Hemja Women’s Cooperative

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Computers Centre was installed and digital literacy training program delivered for the benefit of the Hemja women's group.

Project details

  • Location : Hemja Women's Cooperative, Hemja, Kaski District (GPS: 28.278086, 83.931276).
  • Population : 1,000 members
  • Date : Dec 2014 + ongoing user training and support.
  • Project : Installation of computer centre + capacity building programs.
  • Category : Computers, Training,

According to the Australian Department of Foreign Affairs “gender inequality persists in our region, undermining economic growth, human development and poverty reduction.” Furthermore, UNICEF reports that “gender equality and the well-being of children are inextricably linked… when women are empowered to lead full and productive lives, children and families prosper.” It is clear that gender equality is critical to development and better educated and empowered women have better educated children.

We have been committed to promoting gender equality and the empowerment of women and girls since our inception. Our scholarship program awards the majority of scholarships to girls and our most prestigious scholarship, the Anne van Riel Scholarships, is awarded to girls.

We initiated our first computer centre and training program that focuses specifically on women’s community groups. A new centre was opened in December 2014 at the Hemja Women’s Group – Hemja Multipurpose building located in town of Hemja, around 14km North-West of Pokhara. The group helps around 1,000 women who mainly come from the traditionally most marginalised groups in Nepal. The group provides training programs, support services, and manages a pre-primary day care facility.

We first received a request for assistance from the group through our Manager of Education and Training, Ves Raj Bastola, and we responded by establishing a pilot centre with five computers to deliver digital literacy and vocational education courses. Ves Raj was also involved as a committee member in the women’s group and took on the task of helping to coordinate support and training in the project.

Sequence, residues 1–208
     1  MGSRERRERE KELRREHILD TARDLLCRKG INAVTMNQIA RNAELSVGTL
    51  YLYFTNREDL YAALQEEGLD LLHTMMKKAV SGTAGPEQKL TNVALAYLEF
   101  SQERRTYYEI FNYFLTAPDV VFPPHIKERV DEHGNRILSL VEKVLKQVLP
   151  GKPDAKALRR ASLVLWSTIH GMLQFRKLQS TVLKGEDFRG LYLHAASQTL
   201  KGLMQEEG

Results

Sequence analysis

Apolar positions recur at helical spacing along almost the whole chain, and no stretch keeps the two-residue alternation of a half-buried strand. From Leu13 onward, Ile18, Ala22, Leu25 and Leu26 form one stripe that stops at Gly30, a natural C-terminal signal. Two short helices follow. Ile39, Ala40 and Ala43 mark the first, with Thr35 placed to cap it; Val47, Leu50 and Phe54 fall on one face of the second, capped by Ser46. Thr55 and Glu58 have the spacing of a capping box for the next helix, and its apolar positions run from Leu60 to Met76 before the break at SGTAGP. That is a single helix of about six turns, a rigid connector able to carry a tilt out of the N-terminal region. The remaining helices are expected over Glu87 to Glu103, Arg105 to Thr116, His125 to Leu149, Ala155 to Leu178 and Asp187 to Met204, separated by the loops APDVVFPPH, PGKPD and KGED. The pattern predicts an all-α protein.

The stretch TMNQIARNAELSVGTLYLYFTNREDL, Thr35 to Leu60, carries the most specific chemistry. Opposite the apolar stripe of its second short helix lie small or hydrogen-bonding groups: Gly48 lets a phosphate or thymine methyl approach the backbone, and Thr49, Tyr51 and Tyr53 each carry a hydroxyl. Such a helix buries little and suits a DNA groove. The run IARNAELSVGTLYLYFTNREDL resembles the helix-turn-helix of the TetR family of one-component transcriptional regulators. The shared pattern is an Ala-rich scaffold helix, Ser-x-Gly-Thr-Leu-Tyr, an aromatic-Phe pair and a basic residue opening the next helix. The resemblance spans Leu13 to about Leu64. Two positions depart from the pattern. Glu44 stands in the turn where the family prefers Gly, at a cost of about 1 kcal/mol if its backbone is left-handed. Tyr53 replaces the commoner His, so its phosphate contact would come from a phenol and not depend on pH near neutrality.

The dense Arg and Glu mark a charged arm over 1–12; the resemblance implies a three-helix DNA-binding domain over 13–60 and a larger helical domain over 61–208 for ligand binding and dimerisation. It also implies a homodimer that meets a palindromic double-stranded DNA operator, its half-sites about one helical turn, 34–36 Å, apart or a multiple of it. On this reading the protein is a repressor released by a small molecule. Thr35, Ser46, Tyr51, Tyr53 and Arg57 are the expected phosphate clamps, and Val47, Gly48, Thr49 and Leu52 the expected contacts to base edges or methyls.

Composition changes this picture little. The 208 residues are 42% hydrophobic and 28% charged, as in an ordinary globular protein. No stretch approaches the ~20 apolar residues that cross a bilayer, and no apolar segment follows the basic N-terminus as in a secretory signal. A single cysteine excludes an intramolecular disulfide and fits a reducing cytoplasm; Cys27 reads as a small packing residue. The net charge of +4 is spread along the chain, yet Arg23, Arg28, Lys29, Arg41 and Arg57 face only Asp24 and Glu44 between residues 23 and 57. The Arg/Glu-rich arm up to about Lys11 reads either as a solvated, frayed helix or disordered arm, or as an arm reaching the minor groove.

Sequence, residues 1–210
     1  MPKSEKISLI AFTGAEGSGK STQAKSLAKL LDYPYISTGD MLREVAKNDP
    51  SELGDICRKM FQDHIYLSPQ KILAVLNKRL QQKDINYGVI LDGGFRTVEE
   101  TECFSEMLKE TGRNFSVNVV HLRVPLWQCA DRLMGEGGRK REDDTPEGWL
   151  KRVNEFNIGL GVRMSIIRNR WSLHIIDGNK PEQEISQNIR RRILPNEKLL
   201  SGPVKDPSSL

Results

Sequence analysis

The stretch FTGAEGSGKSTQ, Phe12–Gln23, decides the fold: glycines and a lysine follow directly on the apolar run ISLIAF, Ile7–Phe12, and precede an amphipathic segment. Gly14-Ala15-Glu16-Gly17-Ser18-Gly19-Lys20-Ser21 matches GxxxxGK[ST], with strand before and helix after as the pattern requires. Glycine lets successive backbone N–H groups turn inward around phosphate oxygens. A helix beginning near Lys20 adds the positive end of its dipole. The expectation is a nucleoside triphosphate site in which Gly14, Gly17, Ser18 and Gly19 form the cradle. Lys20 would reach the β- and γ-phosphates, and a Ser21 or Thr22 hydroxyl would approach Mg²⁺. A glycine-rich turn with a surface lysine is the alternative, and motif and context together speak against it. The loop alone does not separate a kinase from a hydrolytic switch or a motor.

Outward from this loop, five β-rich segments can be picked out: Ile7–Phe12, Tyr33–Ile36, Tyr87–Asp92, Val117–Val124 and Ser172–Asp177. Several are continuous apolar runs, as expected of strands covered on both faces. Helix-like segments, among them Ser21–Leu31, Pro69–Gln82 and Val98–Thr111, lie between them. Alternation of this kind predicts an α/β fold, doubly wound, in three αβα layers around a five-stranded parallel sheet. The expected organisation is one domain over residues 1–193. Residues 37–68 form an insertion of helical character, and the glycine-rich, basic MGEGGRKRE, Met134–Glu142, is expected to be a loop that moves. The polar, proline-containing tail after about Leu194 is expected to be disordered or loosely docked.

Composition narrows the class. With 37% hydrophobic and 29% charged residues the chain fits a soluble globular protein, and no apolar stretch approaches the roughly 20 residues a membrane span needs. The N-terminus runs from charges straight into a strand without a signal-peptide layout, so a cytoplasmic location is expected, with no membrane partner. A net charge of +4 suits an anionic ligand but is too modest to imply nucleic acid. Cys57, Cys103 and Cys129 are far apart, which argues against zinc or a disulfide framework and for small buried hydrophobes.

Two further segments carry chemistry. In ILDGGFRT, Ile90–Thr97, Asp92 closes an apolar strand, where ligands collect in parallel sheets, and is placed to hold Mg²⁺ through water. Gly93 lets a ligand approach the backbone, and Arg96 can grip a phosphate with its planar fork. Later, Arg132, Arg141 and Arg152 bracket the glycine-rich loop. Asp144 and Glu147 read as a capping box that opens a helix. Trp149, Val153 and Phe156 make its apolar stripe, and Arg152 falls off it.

The computers were installed in a room at the multipurpose building full of foot powered sewing machines that members were trained to use so they could generate additional household income. When we returned in June 2015 to assess the program, we found:

• Most of the sewing machines were moved to the basement and the Nepal government added an additional five computers to the Centre.
• One of the women took on the role as Centre Trainer after being trained by our Manager and then going on to complete a certified digital literacy course.
• 50 women had been awarded digital literacy certificates after completing an intensive computer training courses coordinated by the Centre Trainer.
• The local youth group, who shared space in the multipurpose building with the women’s group, volunteered their time on an ongoing basis to support the centre and its users.
• The centre was frequently opened and being used by college students for study, as a communications facility for staying in contact with family, as an e-library for information, for digital literacy training, for local business women who were preparing promotional and other materials for their business, and for helping to teach literacy to illiterate women.

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